Saturday, April 4, 2015


Here's a fun card for the Hall of Fame thread: fellow Bensonhurst, Brooklyn native Sandy Koufax and his 1972 induction:

I love anything to do with Koufax, and any chance to design a card for him is jumped at.
Koufax and the "Left Arm of God" legend has only gotten bigger over time.
The years between 1961 and 1966 were amazing, but it was the 1963-1966 period in particular that was just unconscious, and what got him into Cooperstown.
Just look at the numbers, all in FOUR seasons of play:
A 97-27 record, with four E.R.A. crowns, three years of a sub-2.00 mark, 31 shutouts, 89 complete games and 1228 strikeouts, with three of those years topping 300+ K's!
He took home three Cy Young Awards, finished third in 1964, and won the National League Most Valuable Player Award in 1963, with two other second-place finishes in 1965 and 1966, his final two years of Major League ball.
In the postseason he was equally as brilliant, being voted MVP of the World Series in both 1963 and 1965, leading the Dodgers to championships.
He posted a 4-3 lifetime record with a 0.95 earned run average, two shutouts and 61 strikeouts in 57 innings of work.
In his three losses in postseason play, he gave up THREE earned runs! So it's not like he choked in those games either.
Sadly we all know how his career ended because of arm troubles, causing him to retire at the age of only 30.
Man how I wish we could have seen him pitch into the 1970's!
Would have been awesome to see him on those card-issues into the mid-decade, no?
That five year stretch was so awesome that he was elected in the Hall on his first try, being named to 86.9% of the ballot.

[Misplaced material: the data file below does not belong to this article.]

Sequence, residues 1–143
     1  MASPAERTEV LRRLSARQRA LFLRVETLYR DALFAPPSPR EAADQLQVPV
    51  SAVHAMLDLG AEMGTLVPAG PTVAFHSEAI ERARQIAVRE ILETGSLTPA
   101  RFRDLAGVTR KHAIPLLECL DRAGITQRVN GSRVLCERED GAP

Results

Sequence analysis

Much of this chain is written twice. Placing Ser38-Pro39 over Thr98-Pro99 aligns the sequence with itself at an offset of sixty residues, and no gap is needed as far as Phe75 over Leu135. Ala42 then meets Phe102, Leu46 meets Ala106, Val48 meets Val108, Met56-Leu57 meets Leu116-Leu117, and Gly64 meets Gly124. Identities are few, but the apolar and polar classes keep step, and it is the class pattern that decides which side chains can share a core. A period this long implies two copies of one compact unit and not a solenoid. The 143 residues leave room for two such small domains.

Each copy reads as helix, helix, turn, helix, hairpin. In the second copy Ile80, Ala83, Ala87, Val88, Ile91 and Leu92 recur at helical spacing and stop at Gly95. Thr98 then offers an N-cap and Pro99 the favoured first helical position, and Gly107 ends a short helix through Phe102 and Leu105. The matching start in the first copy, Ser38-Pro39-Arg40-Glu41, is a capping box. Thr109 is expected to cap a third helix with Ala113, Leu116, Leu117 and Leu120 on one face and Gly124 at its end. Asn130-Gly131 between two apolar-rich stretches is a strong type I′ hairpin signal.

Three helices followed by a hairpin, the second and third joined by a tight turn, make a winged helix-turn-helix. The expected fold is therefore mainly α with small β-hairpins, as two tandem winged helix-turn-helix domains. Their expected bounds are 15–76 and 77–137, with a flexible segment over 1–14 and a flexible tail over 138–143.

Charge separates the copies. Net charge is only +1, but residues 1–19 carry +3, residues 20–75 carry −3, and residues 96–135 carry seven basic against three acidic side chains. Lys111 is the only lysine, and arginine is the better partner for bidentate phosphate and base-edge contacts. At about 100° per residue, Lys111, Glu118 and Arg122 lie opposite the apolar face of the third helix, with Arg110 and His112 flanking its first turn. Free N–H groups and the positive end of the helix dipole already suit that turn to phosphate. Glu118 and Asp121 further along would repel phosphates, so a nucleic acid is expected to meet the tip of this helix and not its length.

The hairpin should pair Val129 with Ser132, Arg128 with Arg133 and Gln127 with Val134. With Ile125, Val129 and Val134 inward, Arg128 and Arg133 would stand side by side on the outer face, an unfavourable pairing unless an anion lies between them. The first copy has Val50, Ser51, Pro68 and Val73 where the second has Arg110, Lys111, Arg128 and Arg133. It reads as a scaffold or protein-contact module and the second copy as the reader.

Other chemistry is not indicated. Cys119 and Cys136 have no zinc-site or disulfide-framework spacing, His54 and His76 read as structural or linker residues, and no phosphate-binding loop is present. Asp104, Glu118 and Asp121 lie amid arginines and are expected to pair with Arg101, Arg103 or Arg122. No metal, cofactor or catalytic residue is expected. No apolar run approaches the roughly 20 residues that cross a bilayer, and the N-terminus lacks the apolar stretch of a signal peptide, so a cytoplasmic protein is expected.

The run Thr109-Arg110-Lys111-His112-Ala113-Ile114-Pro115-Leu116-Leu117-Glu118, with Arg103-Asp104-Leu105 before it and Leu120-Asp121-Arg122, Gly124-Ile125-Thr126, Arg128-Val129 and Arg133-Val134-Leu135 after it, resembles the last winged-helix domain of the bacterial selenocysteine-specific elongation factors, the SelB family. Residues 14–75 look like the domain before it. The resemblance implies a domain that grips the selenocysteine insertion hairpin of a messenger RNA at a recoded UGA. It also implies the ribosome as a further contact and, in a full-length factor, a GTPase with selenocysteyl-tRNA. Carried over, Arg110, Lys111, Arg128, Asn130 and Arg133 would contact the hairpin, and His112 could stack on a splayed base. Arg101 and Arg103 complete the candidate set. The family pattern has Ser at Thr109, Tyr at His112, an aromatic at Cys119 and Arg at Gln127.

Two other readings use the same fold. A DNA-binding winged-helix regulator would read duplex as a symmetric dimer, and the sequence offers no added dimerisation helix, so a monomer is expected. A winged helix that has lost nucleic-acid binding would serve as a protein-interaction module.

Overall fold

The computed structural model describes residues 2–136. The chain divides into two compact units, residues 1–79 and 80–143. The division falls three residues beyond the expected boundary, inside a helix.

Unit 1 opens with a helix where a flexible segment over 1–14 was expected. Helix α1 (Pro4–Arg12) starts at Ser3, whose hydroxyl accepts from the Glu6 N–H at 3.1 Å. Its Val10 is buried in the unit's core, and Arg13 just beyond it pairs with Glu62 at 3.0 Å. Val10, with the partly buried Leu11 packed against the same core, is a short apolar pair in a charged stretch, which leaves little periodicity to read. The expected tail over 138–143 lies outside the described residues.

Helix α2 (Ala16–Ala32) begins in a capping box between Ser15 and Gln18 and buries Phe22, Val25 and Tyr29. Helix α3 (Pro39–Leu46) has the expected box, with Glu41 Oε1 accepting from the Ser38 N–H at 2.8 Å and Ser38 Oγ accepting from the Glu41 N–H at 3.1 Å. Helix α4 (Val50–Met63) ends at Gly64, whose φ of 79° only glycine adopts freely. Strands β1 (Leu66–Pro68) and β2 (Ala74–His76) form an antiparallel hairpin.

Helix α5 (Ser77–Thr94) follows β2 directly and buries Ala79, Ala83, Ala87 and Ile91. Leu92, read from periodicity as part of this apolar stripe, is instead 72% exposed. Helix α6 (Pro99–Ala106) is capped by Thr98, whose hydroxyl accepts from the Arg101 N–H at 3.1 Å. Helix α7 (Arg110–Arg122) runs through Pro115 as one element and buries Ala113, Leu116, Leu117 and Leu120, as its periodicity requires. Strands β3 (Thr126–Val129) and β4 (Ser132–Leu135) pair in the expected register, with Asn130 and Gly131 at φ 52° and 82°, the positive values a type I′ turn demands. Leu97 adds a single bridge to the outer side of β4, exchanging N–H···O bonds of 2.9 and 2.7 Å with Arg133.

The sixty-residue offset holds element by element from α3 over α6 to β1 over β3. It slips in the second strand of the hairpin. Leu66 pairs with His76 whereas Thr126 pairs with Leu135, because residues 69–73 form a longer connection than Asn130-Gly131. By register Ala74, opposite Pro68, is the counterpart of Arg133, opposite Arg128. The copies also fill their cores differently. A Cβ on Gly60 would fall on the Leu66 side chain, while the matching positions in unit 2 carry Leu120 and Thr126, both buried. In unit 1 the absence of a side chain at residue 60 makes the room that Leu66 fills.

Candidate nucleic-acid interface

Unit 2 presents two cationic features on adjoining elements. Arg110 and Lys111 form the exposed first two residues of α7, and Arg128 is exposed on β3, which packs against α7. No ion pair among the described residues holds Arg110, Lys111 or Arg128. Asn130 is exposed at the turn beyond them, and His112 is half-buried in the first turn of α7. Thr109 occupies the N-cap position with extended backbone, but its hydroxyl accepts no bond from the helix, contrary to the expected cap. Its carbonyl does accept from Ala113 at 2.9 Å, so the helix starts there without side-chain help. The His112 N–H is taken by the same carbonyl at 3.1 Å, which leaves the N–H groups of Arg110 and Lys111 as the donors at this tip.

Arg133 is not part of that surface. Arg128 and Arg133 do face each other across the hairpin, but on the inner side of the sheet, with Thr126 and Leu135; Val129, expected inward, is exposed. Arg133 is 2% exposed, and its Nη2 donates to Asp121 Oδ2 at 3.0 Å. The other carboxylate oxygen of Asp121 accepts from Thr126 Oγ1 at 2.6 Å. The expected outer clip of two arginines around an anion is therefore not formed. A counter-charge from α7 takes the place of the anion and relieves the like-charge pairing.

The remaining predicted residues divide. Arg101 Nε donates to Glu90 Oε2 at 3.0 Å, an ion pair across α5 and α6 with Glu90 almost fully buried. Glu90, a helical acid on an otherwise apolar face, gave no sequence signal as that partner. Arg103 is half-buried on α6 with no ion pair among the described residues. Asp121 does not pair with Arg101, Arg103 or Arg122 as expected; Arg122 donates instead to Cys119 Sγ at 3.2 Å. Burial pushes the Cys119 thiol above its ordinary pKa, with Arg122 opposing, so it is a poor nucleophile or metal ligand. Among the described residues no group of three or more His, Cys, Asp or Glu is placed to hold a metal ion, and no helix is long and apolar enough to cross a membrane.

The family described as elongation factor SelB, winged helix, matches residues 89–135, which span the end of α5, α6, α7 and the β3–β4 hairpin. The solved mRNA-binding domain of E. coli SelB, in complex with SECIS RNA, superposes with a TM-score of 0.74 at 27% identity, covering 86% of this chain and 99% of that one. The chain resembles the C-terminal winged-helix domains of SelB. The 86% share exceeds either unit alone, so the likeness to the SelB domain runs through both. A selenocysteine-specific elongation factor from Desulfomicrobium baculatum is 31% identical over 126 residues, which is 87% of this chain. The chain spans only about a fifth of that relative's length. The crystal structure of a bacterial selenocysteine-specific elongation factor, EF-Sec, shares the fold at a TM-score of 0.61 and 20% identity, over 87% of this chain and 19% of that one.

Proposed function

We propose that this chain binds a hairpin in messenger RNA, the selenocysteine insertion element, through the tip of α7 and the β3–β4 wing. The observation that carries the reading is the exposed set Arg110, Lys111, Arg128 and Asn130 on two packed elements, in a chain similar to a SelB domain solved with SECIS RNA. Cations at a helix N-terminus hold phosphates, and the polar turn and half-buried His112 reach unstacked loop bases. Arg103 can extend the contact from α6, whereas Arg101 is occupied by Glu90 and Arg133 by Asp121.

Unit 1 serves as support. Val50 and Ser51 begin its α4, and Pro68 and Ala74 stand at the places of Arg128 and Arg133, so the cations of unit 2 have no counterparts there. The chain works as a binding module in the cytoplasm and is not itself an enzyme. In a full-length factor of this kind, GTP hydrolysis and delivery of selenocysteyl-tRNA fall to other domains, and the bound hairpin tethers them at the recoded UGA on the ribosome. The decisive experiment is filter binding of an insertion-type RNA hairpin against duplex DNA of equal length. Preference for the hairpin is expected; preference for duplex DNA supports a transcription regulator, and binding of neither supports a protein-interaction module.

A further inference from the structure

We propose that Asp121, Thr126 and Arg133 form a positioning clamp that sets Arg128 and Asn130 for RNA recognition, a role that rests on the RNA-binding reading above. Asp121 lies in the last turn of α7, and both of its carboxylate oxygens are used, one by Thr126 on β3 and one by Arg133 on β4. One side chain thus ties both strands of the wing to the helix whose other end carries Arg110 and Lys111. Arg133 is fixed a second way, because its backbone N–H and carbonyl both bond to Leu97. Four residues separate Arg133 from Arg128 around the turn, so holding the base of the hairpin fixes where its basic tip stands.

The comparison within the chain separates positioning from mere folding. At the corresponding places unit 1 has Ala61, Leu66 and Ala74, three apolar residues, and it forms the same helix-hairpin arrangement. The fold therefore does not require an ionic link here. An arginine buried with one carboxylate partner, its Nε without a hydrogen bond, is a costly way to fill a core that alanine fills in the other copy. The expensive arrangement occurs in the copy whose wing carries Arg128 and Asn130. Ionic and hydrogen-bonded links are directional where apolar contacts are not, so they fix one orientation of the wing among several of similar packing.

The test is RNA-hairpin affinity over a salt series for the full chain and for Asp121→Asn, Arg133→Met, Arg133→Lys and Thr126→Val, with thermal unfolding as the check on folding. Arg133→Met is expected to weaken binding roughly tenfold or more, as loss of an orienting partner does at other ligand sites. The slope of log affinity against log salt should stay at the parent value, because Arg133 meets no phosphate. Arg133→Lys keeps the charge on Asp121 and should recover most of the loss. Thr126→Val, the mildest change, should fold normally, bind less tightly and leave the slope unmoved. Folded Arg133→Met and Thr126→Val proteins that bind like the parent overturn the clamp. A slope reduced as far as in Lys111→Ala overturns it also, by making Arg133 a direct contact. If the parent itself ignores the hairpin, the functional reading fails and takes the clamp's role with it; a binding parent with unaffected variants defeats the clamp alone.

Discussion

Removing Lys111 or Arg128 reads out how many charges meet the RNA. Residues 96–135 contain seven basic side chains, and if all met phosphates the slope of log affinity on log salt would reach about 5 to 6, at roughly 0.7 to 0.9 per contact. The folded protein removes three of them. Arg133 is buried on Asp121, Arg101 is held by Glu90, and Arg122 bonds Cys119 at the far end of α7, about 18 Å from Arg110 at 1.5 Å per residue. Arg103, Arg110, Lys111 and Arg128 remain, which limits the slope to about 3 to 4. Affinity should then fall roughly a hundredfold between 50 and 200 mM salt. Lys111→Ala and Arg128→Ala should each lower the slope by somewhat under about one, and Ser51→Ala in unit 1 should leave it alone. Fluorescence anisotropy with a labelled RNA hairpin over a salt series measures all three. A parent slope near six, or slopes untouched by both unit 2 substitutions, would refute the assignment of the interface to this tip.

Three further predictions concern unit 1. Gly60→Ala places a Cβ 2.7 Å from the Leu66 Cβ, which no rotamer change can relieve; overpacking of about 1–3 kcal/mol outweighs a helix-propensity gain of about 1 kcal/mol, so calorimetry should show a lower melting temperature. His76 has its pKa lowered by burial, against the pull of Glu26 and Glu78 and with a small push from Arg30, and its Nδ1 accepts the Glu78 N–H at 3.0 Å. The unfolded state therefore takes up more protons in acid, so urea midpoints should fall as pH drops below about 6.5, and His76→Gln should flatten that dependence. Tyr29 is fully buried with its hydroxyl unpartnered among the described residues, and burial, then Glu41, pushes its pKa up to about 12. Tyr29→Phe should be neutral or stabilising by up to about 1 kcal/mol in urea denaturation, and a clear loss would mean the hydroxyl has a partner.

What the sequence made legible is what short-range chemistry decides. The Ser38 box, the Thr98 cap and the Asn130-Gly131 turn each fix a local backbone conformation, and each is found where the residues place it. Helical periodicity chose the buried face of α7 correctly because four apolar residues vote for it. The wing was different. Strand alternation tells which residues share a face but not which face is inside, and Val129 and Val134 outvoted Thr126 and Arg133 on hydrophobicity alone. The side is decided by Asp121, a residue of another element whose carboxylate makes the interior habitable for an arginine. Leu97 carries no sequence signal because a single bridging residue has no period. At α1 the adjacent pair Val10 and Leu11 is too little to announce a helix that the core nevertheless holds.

There are some out there that feel he didn't "perform" long enough to warrant a Hall selection, let alone a first-year induction.
And most of the time I'd agree.
However we are talking some rarified stuff here, so with Koufax it was indeed a no-brainer.
What do you all think? Anybody out there think Koufax didn't perform long enough for a Hall of Fame induction?


  1. Great picture, great card. No doubt he deserves it. Put his numbers next to your most recent inductee, Mr. Grove, and Koufax's dominance is evident. I am just sorry he didn't stick around here in Cincinnati. He was a basketball player for the Bearcats during the Oscar Robinson era and switched over to baseball at some point. I don't know much after that but he would have made a nice addition to that Reds staff of the early 60's that included Joey Jay, Jim Maloney and Jim O'Toole.

  2. Yeah, Koufax is kind of the yardstick for how amazing you have to be to get in with such a short career. You basically have to be the absolute best-of-the-best for the time you're on top, and Koufax did that. So I'd have voted yes, definitely.

    Great job on the card.

  3. Similar to the career and stats pedro Martinez put together. Very dominant over a 5-6 year period

    1. Sometimes I consider Martinez' run between 1997-2003 as even more spectacular considering he pitched in the American League during the PED/power era for all but the first year, as opposed to Koufax during the pitching era of the mid-60's.
      As much as I hated Martinez then, he was just unbelievable....I still look at his numbers and stare at amazement...



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